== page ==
Thursday, February 10, 2011

Get Your Groove On

Feeling the earth shake when you're alone on the 7th floor of an apartment building is not ideal, especially when Chile had a devastating 8.8 earthquake almost one year ago - February 27, 2010.  This was not originally the type of "groove" I intended to write about, but it SCARED THE CRAP OUT OF ME so I decided to share. 

In Chile "temblores" or small earthquakes are a common occurrence.  When I lived here 5 years ago there were about 2 per month and after one woke me up in the middle of the night they started to terrify me because nobody knew when it would be a bad one. 

Luckily this afternoon’s earthquake wasn’t damaging.  I was sitting down to write when I felt the building move and jumped to stand underneath the doorway.  I started screaaaming for my host sister and host mom – both of whom were gone.  And the shaking continued.  It was at least 20 seconds – but my hands were shaking for about 5 minutes after.  Although it scares me – this is normal to Chileans.  And life has returned to normal…cars are still honking, buses are still swerving through traffic, and I am still hungry. J

For me, hunger strikes early and it strikes often.  The other day I went to an asado (barbeque). I’m now accustomed to showing up at 11 PM and waiting until about 1 AM to start grilling.  At first this killed me because I thought there would be a giant half cow awaiting me on a platter (sorry for you vegetarians – I’m a carnivore).  Instead there is a big group of people sitting, talking, and enjoying a Piscola (Chilean liquor with Coke) while somebody grills sausages and passes them around like appetizers.

Hanging around the asado

Choripan - Chorizo and bread

My friend Michi thought there was something wrong with me since I was sticking to tea… looks like I’m known as a partier no matter what continent I’m on.

Michi and me at the asado

One tea drinker amongst the Pisco crew

Speaking of which – I died of laughter when my host sister and her friends showed me their drinking game “Tomanji.”  Tomar means to drink, and they basically mixed it with the game “Jumanji.”

Despite the fun, I stuck to my 3 drink max (a promise I made to my friends that I wouldn’t over-imbibe while traveling).  Look how responsible I’ve become!

Juan and me after "Tomanji"

After Tomanji we left for the club at 2 AM and got home about 5 AM.  (Side note: hunger struck again and I killed two empanadas before going to bed – no wonder I gained so much weight last time I was here). 

Below is a snapshot of some different nightlife – although the hours of “carrete” might not change, the type of dancing and music varies quite a bit.

La Cueca is a traditional Chilean dance that is done with a handkerchief in hand.  The man and woman never touch but I think it’s a very playful interaction.  It’s almost like he’s chasing after her and she’s being coy.  I don’t think coy has ever been my strong suit – so maybe I have something to learn from la Cueca and Chilean women. :)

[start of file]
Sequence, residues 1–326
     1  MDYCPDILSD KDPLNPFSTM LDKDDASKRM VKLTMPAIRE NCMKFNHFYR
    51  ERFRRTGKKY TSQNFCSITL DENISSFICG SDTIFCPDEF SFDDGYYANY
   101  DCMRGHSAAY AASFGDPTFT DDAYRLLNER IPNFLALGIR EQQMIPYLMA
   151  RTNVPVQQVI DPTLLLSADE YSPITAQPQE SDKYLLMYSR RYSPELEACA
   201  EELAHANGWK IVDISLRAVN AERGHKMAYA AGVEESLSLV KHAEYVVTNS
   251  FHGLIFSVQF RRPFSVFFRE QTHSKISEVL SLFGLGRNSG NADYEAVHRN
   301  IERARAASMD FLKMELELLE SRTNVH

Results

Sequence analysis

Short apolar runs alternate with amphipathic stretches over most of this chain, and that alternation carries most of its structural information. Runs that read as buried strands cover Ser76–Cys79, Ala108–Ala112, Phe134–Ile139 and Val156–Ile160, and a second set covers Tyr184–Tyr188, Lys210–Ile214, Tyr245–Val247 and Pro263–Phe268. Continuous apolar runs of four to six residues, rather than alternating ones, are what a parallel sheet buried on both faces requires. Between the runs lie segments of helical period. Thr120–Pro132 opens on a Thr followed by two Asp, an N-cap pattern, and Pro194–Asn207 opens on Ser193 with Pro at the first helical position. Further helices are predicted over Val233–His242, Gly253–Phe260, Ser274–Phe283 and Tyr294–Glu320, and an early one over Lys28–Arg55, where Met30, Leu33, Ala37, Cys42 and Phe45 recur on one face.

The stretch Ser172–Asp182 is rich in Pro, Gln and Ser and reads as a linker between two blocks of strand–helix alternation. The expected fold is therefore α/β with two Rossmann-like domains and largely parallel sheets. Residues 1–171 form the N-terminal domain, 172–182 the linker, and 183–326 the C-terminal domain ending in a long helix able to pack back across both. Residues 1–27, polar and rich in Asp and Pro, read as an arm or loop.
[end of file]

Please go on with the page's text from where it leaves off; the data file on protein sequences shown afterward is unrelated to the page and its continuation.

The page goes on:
Last but not least, I went to the Feria de Artesania yesterday.  It’s like a flea market – and it was in a woodsy part of the city.  Suddenly the sun disappeared and thunder and lightning broke out.  I seemed to be the only one who thought the tall metal poles and trees were an issue?!  I started walking out of the Feria and it started pouring rain and then all of a sudden everybody else started freaking out and trying to hide under trees or flee (haha…flee the flea market).  Maybe it’s my Seattle roots – but the rain seemed like the lesser of the two evils in my mind.

La Feria de Artesania
So there we have it – during my stay in Chile we’ve had a thunder storm, the power has gone out (in 9 of 15 regions of the country for about an hour), and we’ve had an earthquake.
Although I don’t appreciate the natural disasters (okay…they’re not disasters but they’re also not pleasant), I understand it’s a part of life here. Much like the late night parties.  It’s a way of life and even when I’m tired and ready to go home I remind myself that if I go to sleep it’s one less experience that I’ll have.
Too frequently in Seattle I go through the motions or routine without thinking or feeling. This journey is about stepping outside my comfort zone – being alert, keeping my senses alive and soaking up everything around me.  It’s about “feeling” my life, and not just letting it pass me by.
So I'll leave you with this thought – without any drastic changes, what can you do in your life to experience more?  To “coast” less?  To feel and think and experience your life rather than let it pass you by?


  1. Just heard the news about the earthquake and thought about you. Good to know you're safe. Take care out there! =)


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